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  1. #1
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    Default Welding Table top

    I am making a welding a table for the Tig

    I have been using 2nd hand 4x50x50 sq tube materials as I got it for nothing.

    20171119_190633.jpg

    The top I have had cut is 10x900x700 and will overhang the sides by 50mm and one end by the same. It will be flush other end as it will otherwise interfere with the bottles that will be on the (castored) table.

    Should I weld or bolt the top down.
    If its weld do I put angle iron tabs on top tubes so that its easier to weld (the tubing is rounded on the edges and may make it hard for me to weld without putting too much heat into it..will it warp ??).

    edit..note to self to edit out my welds in pics so that others dont see...paint can only hide so much

  2. #2
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    Default

    I made a similar table, however l used 12mm plate and just welded the 4 legs straight to it. The plate was pretty flat to start with, not so after welding. I was amazed at how much it bowed where the welds were - very anoying.
    From my experience l would recommend bolting the top down. Tap holes in the bench top, bolt from below and cut flush.
    Cheers
    Pete

  3. #3
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    Quote Originally Posted by Petip View Post
    I made a similar table, however l used 12mm plate and just welded the 4 legs straight to it. The plate was pretty flat to start with, not so after welding. I was amazed at how much it bowed where the welds were - very anoying.
    From my experience l would recommend bolting the top down. Tap holes in the bench top, bolt from below and cut flush.
    Cheers
    Pete
    Or drill and countersink and use countersink socket heads.
    You're probably going to need more cross bracing as well or the top will warp between the 3 longitudinal rails after a few years of welding, especially if you start tacking jobs to the table during set up.

  4. #4
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    Default

    Gavin,
    I suspect that the bench top plate is better screwed to the frame.However, some considerations not immediately apparent might be :

    1. The bolt/screw driver socket will invariably get blocked by weld debris and grinding dust making the fastener difficult to remove.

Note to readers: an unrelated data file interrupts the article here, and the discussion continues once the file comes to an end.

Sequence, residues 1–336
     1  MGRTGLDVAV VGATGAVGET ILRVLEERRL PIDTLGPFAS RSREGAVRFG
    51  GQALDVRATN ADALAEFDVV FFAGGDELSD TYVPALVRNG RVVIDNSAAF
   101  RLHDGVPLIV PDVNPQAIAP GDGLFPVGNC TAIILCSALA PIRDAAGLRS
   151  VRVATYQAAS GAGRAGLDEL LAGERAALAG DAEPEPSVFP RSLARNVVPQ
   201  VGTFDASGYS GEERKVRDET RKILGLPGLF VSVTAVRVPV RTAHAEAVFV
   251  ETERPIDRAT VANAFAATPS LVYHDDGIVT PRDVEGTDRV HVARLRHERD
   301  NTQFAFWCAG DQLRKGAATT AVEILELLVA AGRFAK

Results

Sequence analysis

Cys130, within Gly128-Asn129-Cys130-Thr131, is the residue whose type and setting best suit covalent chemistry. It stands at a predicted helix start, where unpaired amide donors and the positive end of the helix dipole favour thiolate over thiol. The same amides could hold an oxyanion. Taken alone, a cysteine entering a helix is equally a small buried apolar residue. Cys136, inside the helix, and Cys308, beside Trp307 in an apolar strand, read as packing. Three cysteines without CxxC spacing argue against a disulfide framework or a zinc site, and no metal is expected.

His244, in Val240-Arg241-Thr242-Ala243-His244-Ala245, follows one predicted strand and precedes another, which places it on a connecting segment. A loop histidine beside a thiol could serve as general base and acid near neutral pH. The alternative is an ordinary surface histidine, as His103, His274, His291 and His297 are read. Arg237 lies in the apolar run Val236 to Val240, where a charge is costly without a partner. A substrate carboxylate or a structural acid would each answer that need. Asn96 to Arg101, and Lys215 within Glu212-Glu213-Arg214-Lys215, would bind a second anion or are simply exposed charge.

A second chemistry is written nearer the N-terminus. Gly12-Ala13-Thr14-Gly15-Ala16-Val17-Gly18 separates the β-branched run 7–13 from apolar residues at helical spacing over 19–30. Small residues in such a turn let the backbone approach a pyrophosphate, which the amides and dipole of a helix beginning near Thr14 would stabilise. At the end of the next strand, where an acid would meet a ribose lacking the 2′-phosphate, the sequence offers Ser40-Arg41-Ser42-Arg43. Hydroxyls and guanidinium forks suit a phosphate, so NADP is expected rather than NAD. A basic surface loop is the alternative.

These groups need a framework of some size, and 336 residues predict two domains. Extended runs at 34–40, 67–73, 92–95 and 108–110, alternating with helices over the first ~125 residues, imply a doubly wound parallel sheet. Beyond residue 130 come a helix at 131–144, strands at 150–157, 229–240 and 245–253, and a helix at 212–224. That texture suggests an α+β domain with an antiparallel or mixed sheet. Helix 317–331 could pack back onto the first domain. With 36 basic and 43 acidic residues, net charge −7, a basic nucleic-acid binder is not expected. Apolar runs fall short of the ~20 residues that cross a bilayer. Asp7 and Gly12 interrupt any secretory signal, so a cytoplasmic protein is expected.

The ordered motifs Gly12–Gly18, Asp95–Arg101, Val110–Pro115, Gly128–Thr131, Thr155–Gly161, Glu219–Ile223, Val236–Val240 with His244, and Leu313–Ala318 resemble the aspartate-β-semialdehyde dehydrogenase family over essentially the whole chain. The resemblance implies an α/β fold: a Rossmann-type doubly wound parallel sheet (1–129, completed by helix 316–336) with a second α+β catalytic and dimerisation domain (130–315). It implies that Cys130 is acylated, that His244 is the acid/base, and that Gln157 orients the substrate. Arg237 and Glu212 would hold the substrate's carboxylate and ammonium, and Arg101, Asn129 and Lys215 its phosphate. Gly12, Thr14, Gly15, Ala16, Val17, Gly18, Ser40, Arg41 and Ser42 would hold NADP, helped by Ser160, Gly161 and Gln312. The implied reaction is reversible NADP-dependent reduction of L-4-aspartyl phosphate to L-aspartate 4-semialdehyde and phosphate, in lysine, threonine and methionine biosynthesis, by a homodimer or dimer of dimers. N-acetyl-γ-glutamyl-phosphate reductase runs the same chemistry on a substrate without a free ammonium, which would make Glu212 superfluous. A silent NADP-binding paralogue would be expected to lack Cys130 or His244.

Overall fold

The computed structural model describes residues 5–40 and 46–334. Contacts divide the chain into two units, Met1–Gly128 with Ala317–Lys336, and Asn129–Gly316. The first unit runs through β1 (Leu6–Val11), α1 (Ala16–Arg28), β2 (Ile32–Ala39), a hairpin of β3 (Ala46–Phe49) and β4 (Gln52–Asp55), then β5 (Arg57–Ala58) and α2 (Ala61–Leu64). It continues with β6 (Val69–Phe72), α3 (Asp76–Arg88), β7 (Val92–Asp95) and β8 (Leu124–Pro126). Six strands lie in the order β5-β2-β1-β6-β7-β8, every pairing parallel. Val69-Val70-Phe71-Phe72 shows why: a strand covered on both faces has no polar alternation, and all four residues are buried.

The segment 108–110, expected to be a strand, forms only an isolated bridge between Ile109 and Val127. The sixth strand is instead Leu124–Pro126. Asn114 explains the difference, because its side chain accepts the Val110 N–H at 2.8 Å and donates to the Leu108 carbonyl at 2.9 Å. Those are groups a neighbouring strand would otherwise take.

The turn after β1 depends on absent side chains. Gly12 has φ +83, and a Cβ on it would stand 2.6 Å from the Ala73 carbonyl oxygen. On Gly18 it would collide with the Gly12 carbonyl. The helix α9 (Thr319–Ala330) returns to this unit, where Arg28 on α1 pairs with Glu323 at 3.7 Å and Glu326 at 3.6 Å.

Solution- fit bolts/screws from the bottom to protect the driver socket.At the same time be careful to not weld over the threaded areas in the plate. Mark them distinctly with a ring of centre pops perhaps?

    2.if the plate is bowed, and the bow is not too great, it can be pulled flat against the tubes by the screws if they are substantial enough.

    3.The plate during its working life is likely to be ground ,ie tack removal etc. and that results is heat build up and bowing.
    I saw it in the benchtops in Tafe and later in high school weld bays. Therefore it is wise to allow for easier removal which welding is not.

    4.If the welding option is used - only tack in spots that are grinder accessible.

    I'll add my voice to the extra crossbracing notion.

    The welding is fine, its not a concourse de elegance competition ,its a bloody welding bench, not a Ferrari. Next it will be candy apple paint and pin striping
    Cheers
    Grahame

  5. #5
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    Quote Originally Posted by Grahame Collins View Post
    The bolt/screw driver socket will invariably get blocked by weld debris and grinding dust making the fastener difficult to remove.
    Possibly so, although the plates on my Stronghold table are secured by SHCS and they are easy to clean out with a shot of compressed air.

    I suggested doing it this way as the plate he's intending to use is only 10 mm thick. It he bolts up from under and subsequently needs to use the bolt to pull the plate back down then stripping of the thread is quite possible and would leave a tricky repair job. A stray weld could also leave the thread welded to the table top...

    Doing it the other way around means you can use a bolt and nut arrangement which would be easier to manage. It worked well on the home-made table I made before I got the SH table (and which is still in use by someone else now). I also welded crush tubes through the table frame tubes where the bolts were. Probably overkill but it seemed like a good idea at the time.

    Just my tuppence worth.

  6. #6
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    Default

    a couple (or even 4) short pieces across at the centre ?

  7. #7
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    Quote Originally Posted by eskimo View Post
    a couple (or even 4) short pieces across at the centre ?
    Personally, if it were for me, I would add a minimum of 3 cross braces (so at 300 centres more-or-less) - anything you can do now to prevent the top from warping will be a lot easier than trying to flatten a warped top down the track.

    It really depends on how you intend using the table. Do you just want somewhere convenient to weld or do you want a permanently flat surface you can use to jig things up and which will restrain the work from stresses induced during the welding?

    It's probably overkill but, as an example, the frame for my Stronghand table is 50x75x6 RHS with longerons at 250 mm centres holding 16 mm plates. But then it scales at around 500 kg.
    sh_under.jpg